My Mommy Is in America and She Met Buffalo Bill
written by Jean Regnaud
illustrated by Émile Bravo
Five-year-old Jean has a busy father, a pugnacious younger brother, a grouchy schoolteacher, a kindhearted nanny…and a mother who has long been missing. Where has she gone? His next-door neighbor Michele seems to know and delivers regular postcards from around the world addressed to Jean from his mommy. At school, at home, and with family and friends, Jean slowly but surely comes to terms with the realities of the world out there and the strength within himself.
My Mommy Is in America and She Met Buffalo Bill is a semiautobiographical French comic album written by Jean Regnaud and illustrated by Émile Bravo. Critically acclaimed, it has won both the 2008 Essentials Award at the 35th Festival of Angoulême, France, and the 2008 Tam Tam Literary Award from the Salon du Livres et de la Presse Jeunesse. Bravo’s short story “Young Americans” was nominated for an Eisner Award in 2008. This is the first of the creators’ long works to be published in an English translation.
On the surface, there does not seem to be much in the way of a narrative arc to the storyline. Jean’s days are a disjointed mixture of reading lessons, pillow fights, and annoying older relatives. Nothing world-shattering happens here, not even, for example, when a terrified Jean is instructed to visit a school psychoanalyst. But then, “world-shattering” would not be the point. In actuality, this graphic novel is an exquisitely subtle coming-of-age tale: It begins with a young boy anxious about what other people think of his motherless family and ends with that same boy, only half a year later, located happily in a world where only he—and not who, what, or where his mother is—matters. It is, in short, about the realization of a child’s selfhood.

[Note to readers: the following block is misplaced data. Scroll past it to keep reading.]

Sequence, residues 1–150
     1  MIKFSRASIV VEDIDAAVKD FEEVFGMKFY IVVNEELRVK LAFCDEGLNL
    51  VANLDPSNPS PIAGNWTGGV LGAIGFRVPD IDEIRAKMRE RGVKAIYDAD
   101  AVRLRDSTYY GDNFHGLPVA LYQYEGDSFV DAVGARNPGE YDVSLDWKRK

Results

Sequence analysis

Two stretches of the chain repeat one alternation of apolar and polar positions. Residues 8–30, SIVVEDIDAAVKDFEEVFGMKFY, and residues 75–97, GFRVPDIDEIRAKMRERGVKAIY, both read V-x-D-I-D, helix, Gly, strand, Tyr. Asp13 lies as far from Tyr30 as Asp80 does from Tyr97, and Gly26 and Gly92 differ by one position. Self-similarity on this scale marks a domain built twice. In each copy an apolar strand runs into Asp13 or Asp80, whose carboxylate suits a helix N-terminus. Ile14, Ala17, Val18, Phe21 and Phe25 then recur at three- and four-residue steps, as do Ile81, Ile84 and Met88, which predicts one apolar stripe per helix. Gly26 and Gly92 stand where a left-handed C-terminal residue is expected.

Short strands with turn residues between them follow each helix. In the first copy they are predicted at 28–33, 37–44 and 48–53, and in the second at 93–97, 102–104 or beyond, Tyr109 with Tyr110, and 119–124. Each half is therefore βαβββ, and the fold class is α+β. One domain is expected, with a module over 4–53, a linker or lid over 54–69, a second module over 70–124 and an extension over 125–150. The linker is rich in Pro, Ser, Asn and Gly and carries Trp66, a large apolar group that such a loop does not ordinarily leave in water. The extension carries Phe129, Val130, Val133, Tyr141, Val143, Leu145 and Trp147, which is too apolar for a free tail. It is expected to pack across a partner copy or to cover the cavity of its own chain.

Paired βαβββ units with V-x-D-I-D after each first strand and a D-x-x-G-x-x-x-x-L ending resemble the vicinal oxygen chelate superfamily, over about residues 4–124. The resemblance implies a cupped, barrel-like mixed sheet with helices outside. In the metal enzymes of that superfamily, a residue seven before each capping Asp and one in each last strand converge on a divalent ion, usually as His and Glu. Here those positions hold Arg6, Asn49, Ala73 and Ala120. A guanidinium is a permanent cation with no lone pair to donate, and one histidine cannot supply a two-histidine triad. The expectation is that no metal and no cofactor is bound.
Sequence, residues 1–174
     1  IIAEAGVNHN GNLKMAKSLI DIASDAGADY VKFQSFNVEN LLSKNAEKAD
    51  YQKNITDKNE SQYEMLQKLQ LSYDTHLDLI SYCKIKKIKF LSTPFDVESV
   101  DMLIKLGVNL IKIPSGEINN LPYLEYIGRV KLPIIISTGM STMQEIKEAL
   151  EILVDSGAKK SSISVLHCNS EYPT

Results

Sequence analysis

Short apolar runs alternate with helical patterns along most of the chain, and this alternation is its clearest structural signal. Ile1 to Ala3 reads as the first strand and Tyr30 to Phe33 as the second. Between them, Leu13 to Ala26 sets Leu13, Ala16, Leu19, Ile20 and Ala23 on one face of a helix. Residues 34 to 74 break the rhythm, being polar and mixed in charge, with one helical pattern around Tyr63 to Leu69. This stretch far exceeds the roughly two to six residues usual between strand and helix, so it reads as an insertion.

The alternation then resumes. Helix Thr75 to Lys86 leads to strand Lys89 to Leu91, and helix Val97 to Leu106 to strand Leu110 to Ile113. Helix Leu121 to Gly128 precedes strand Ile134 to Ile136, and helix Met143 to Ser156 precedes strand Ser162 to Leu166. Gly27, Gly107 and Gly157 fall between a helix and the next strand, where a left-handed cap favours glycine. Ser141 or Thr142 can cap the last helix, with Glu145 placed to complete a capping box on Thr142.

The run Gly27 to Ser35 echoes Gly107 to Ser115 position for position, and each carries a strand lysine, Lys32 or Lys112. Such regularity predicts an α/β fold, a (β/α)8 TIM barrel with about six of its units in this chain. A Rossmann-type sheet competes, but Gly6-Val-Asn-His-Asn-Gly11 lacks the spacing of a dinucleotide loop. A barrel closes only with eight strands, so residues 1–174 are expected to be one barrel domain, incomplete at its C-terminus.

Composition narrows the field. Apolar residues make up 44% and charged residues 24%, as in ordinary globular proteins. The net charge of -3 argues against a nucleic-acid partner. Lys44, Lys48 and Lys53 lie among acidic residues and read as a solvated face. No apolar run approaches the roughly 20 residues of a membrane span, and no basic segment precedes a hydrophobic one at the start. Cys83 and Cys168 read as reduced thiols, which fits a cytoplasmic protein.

Artistically, this comic is a fascinating amalgamation of visual techniques. Some pages are little more than pinup illustrations with or without accompanying text, identical to what you might find in a children’s picture book. Other pages are sequences of sequential art without panels, while still others have conventional comic-book-style panels and layouts. There are also numerous single-sheet vignettes that resemble the sort of situational humor that is the bread and butter of newspaper funnies. The last works especially well, given that both the artwork’s style and the story’s thematic mood bear a certain amount of resemblance to Charles Schultz’s Peanuts.
My Mommy Is in America and She Met Buffalo Bill has been published in English by Fanfare as an oversized hardcover book that builds an elegant, transitional bridge between children’s picture books and graphic novels. By teaching young people the set of visual literacies necessary to read sequential art, this modest yet meticulously crafted work may help to make some of them lifelong comic book readers. Furthermore, the volume is high-quality and durable enough to sustain the countless rereadings of a young fan—or fans.